How to make an adjustable viewfinder
Using a black or dark grey card, make two L-shaped brackets that are 3 cm (1”) wide and 20-23 cm (8”-9”) long. These colours are highly recommended as they won’t easily distract you from your subject, allowing you to properly configure your chosen compositions in art. Instead they slowly fade into your periphery, becoming the best frames anyone can ask for.
Next, form a rectangular window by placing the L-shapes together to form a box of sorts (see examples below). The window they create will be the frame for your potential subjects. You can attach the L-shapes together using either a tape or clips.
Things to remember:
- Simply hold the viewfinder at arm’s length, experiment on which orientation you prefer for your chosen subject – portrait or landscape – and also how narrow or wide your framing should be.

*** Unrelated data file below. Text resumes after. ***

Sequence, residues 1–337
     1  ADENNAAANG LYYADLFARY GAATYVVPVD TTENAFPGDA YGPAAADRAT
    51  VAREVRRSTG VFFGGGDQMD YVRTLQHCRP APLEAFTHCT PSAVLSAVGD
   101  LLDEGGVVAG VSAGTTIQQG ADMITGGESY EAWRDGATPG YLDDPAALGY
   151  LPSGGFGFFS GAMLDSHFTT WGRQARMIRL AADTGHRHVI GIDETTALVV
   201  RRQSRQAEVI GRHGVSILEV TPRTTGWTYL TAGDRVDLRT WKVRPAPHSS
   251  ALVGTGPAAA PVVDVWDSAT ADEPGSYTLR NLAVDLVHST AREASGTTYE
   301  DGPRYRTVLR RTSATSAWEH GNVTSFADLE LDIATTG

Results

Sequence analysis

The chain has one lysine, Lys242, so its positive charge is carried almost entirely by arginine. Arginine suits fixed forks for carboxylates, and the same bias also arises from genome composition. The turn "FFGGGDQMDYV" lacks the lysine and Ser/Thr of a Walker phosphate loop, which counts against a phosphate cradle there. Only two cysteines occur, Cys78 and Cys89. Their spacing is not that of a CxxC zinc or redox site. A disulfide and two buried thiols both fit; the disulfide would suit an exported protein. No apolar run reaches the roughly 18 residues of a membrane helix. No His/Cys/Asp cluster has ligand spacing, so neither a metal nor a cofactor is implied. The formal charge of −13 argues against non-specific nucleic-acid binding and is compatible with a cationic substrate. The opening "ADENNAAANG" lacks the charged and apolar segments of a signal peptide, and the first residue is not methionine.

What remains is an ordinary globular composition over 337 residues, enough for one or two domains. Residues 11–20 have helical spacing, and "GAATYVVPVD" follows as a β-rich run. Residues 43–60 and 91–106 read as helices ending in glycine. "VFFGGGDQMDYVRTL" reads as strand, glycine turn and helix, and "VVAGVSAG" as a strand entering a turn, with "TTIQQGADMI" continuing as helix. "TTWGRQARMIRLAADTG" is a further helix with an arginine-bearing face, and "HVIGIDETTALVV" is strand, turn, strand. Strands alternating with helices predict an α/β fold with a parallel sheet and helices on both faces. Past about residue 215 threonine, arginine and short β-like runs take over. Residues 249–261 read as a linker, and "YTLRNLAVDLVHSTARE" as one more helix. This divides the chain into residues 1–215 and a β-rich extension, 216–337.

- Close one of your eyes for a better focus and make sure that you can clearly see your subject through the window of your viewfinder.
- Move and adjust your viewfinder around until you find a balanced composition that you are happy with. Take your time and try to enjoy this process, there’s no need to rush. You’ll end up with better compositions in art if you take more care in the choosing and the framing of your subjects.
If you are unable to make these brackets yourself, don’t give up just yet! You can find a store that offers photo or art framing services and have them make one for you. Or better yet, you might want to ask them if they have any scrap frames lying around that you could have for free. Waste not, want not after all!
More Viewfinder Options
For those times that you don’t have your adjustable viewfinder with you, or maybe you prefer a more modern or an easily accessible one, I’m pretty sure you’ll have at least one of the following options below that you can use instead.
Using your Camera’s Viewfinder
If you own a camera, then you already have a handy viewfinder right there. You can easily adjust the focus and depth of field, zoom in or out on your subject of focus, and with most modern cameras – turn on the grid guide to help you.
Using your Smartphone Screenshot